Alabama’s policy substantially burdens Smith’s exercise of religion. The State bars all clergy members from the execution chamber, leaving inmates to die without spiritual attendance. But Smith understands his minister’s presence as “integral to [his] faith” and “essential to [his] spiritual search for redemption.” Complaint ¶64; Decl. of Spencer Hahn in No. 2:20–cv–1026, Doc. 4–1, ¶14. His pastor, Smith says, will not only “relieve his struggle as he passes,” but also help him “properly express to God his repentance.” Complaint ¶¶65–66. The sincerity of those religious beliefs is not in doubt: Alabama acknowledges that Smith’s request is “based on a religious belief and not some other motivation.” Brief for Defendant-Appellee in No. 21–10348 (CA11), p. 24. So Alabama’s policy must withstand strict scrutiny.

And it cannot. . . .

Once again, Gov. Abbott seeks entirely un-Christian outcomes, under the guise of his pro-religiousity governing schemes. Ugly.


Tuesday, September 7, 2021

Return Travel Days Begin…

These two days mark the ambling return to sea level. . . and will be at a leisurely pace.

As always, be excellent to one another, in the mean time.

Back to regular items here by Thursday. . . unless something major transpires before then.

Ever onward, grinning. . . .


Saturday, August 28, 2021

Is 53 Years... Enough? He Was 24 -- When "Put Away" For What Was Supposed To Be A Death Sentence...

And should it matter, that his victim was so. . . prominent? He killed the likely next President of the United States.

Thus, there is a sensible argument that his crime changed the course of US history -- if not world history. Imagine if Bobby Kennedy, and a stronger form of liberalism, more generally, had taken the White House from Nixon.

The mind could boggle -- would we have exited Vietnam by mid-1969? Would civil rights have advanced at a much quicker pace? Would there ever have been room, in serious politics, for an ex-actor from "Bedtime for Bonzo" / Ronnie Reagan (if there had been no weak handed Carter, in the White House)? [There might never have been room for Arnold as a Governor in California, if not for Reagan.]

And that in turn strongly suggests there almost certainly would never have been room for (or appetite for) a. . . Tangerine.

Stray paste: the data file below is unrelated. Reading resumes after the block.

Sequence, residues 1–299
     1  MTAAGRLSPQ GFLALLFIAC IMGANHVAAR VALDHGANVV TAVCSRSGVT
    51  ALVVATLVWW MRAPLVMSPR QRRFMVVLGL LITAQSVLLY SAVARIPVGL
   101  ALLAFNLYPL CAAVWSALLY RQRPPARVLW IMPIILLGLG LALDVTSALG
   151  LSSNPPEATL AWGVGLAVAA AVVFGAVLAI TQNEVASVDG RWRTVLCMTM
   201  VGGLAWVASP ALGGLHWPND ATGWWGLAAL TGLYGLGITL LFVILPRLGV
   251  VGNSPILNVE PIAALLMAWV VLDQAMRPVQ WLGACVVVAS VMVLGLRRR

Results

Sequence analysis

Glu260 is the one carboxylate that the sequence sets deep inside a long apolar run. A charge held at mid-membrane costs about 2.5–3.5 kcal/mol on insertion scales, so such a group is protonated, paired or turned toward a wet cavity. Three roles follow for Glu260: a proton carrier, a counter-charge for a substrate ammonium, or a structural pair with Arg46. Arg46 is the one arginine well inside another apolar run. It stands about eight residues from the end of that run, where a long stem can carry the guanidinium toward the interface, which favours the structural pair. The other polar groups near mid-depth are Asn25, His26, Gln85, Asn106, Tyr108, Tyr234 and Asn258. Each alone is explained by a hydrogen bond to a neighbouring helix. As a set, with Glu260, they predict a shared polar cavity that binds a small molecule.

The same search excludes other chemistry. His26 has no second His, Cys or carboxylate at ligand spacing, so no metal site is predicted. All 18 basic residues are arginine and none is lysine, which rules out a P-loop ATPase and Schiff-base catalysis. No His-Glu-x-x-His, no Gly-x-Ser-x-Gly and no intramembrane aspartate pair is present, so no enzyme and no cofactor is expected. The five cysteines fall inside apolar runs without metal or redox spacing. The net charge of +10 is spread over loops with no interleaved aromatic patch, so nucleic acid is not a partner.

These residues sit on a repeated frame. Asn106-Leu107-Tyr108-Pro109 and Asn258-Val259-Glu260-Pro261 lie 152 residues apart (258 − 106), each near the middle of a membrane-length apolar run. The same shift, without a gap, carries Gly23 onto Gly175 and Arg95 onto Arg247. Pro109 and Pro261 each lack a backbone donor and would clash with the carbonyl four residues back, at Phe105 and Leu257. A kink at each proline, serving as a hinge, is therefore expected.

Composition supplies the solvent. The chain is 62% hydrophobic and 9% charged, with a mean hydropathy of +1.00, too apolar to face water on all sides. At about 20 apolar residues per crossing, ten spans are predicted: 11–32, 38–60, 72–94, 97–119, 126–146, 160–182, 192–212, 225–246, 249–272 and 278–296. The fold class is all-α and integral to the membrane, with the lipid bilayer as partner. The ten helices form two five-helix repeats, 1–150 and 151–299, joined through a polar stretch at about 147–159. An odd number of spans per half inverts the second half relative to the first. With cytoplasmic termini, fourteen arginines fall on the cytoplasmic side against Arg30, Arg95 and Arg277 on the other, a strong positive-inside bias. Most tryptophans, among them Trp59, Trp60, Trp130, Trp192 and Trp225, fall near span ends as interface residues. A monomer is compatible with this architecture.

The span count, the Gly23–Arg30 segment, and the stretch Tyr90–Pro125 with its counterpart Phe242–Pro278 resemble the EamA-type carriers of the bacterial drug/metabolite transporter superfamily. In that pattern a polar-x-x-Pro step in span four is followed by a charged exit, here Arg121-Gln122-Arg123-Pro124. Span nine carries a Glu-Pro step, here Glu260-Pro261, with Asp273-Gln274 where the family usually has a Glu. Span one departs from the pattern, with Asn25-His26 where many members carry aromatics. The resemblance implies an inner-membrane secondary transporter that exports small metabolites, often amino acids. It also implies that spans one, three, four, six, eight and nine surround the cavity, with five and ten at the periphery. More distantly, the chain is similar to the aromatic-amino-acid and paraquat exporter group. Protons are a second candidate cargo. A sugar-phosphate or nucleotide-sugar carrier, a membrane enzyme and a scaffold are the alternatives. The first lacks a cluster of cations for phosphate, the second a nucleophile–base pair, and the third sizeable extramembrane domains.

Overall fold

And maybe -- just maybe -- the first Black President would have been. . . a woman (when Barack was still in law school).

All of that said -- I am convinced that Sirhan Sirhan shouldn't be held to any greater account for that change in geo-politics, here half a century later -- than any other cold blooded murderer. And he is eligible for parole, under California's long-since changed laws.

Laws that speak of rehabilitation, and re-entry into society. In sum, to my eye, he is closer to a child-murderer -- and it counts for. . . something, that he committed this assassination when he was a very young, deluded radical. At 78, we all may agree that he presents almost zero chance of re-offending, as his last prison infraction was in 1972. So -- should he be able to die as a free man, without the state paying for his food, clothing and increasing health care needs? I think so. What do you think? Tell me in comments, as we watch Ida. . . arrive.


Please Travel Lightly -- And Safely -- But Resolutely, Away From The Big Easy... Right Away.

There is just no sense. . . in trying to ride this one out. It is now a Category 4 -- well-past time to bug out.

Please, just get on the road. . . to any / all points about 200 miles to the north, and to the west. The traffic is horrific. . . but just. . . go.

Take it easy on the road, but keep driving all night, if need be.

Please. . . be safe -- and be excellent, to one another. [The loop is from NOAA, in Boulder, Colorado.]


Friday, August 27, 2021

In A Decision Widely Hinted At, Previously -- The Supremes End Moratorium On Evictions...

Back in June (as we explained) Kavanaugh's opinion actually held that the CDC needed new Congressional authority to continue the federal level, nation wide eviction bans, due to the pandemic. Regardless, he and his conservative colleagues allowed it to continue primarily since it was to expire this month. But with the extension, it was clear the Supremes were going to strike it -- unless Congress acted. Congress. . . as we know, did not.

This decision does not end any local city, county or state level eviction bans. The states are free to keep theirs, and my city, and Cook County very likely will. Get up to date on your own city council's actions, over the last two years. In any event, here's the order: